- October 13, 2017
On Thursday 12 October children, staff and families were thrilled to be joined by Anthony Albanese MP for a flag presentation ceremony.
Thank you to Anthony Albanese MP and the children, families and staff that joined us on our main lawn as we recognised Australia's history and discussed the development of The Infants' Home's Reconciliation Action Plan.
Gorton House preschool early childhood teacher, Nicky Roditis, gave a moving speech in which she spoke about the learning the children have been taking part in around Aboriginal and Torres Strait Islander culture and the development of the song. An abridged version is included below.
Gorton House Pre-schoolers excitedly performed their 'Wangal Lang' song, in recognition of the traditional owners of the land on which The Infants' Home sits, the Wangal People. Children also made their own Australian, Aboriginal and Torres Strait Islander flags for the occasion, as well as those of their home countries.
Mr Albanese then graciously presented our CEO Elizabeth Robinson with Australian, Aboriginal and Torres Strait Islander flags for us to display, and children helped Mr Albanese carefully put these on flagpoles, ready to go into our reception area.
Nicky Roditis' Speech
"For the past 18 months in Gorton Pre-school, children and educators have been learning a little about Australia’s evolution as a country. Through this learning we have explored elements of the rich culture, stories and history of Australia’s first people. During this learning we have also explored how over the past 200+ years others have also come to call Australia home. We acknowledge that we are so lucky to live in such a rich, safe, diverse and beautiful country. We have also learnt that this came at tremendous loss for Aboriginal & Torres Strait Islander people.
We have explored the cost of colonisation to the Aboriginal community. The losses they experienced in terms of their land, their culture, their language and stories. We have touched on past laws and practises that dismissed, discriminated against and undermined the connection Aboriginal people felt to their country, the significance of their language, their kinship groups and in tremendous ways, their very identity.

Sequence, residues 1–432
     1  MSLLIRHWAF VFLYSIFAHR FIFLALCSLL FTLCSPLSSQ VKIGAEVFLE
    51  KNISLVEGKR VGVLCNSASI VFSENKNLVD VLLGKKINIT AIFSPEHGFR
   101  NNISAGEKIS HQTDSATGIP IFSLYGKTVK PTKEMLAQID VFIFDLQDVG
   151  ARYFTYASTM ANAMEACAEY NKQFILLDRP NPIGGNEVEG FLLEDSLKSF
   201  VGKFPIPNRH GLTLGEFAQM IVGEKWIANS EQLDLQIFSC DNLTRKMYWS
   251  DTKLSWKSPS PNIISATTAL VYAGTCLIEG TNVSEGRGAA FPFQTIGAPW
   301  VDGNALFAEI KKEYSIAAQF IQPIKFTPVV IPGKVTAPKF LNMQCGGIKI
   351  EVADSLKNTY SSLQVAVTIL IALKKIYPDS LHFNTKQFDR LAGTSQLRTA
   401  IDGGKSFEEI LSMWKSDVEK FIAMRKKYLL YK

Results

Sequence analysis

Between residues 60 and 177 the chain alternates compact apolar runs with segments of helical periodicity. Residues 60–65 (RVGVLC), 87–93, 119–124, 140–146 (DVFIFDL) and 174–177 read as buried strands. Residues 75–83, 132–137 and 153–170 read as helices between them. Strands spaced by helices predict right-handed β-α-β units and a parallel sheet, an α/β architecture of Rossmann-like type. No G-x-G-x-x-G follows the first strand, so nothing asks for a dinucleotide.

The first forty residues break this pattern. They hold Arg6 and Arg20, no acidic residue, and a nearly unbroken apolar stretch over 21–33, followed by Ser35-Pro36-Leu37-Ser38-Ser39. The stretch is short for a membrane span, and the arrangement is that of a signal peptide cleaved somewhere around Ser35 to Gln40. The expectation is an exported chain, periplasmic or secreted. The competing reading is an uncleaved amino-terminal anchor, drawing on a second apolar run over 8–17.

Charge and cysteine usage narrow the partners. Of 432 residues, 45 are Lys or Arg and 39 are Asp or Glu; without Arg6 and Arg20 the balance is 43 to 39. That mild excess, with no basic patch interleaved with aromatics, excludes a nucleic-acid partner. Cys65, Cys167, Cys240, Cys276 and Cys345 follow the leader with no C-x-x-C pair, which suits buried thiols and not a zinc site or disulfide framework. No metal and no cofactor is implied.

We can’t change the past, but hopefully through learning truthfully about errors of the past, through being informed of how the decisions we make can affect others deeply, we can work together to change the future. The impact of past practises and policies still deeply affects the lives of many Aboriginal and Torres Strait Islander people today. That - together with Aboriginal and Torres Strait Islander people, we believe we CAN change.
Reconciliation Australia identifies Historical Acceptance as critical to achieving reconciliation between Aboriginal and non-Aboriginal Australians. It also identifies Unity – “An Australia that recognises and values Aboriginal and Torres Strait Islander cultures and heritage as a proud part of a shared national identity.”
This is what we are hoping to achieve in Gorton pre-school. Earlier this year, as these conversations amongst children and educators were occurring and flourishing, and we acknowledged the Wangal people, the people who lived on the very land on which The Infants' Home stands, we wanted to embed this acknowledgement of the land and its people into our everyday practice.
I asked some children in my group if they could help me write a song that would acknowledge Wangal land and the Wangal people. We talked about what we do on this land when we come to The Infants' Home, and as I wrote some of the words they were throwing at me very quickly, we just began to sing them…. suddenly we had a song of acknowledgement. That small group of children could barely wait to sing it to the rest of their educators and their peers. They were singing it all day that first day and, we were learning from families, singing it at home too - constantly!
This song isn’t just a song. It’s a significant acknowledgement of Australia’s first people, and in particular, the Wangal people on whose land we gather every day. It’s an important part of every single day. Our children have learnt, and some feel so strongly about the significance of acknowledgment that very often when a new visitor comes to pre-school, there are particular children who will come and whisper in my ear that these people may not know we are on Wangal land and that they really want to sit with them and Acknowledge Wangal land. They make me feel so proud of them!
Our children are very capable activists and advocates now.
I believe our children hold not only the present - but also the future in their hands for a socially just Australia."
- Nicky Roditis, Early Childhood Teacher at Gorton House Preschool
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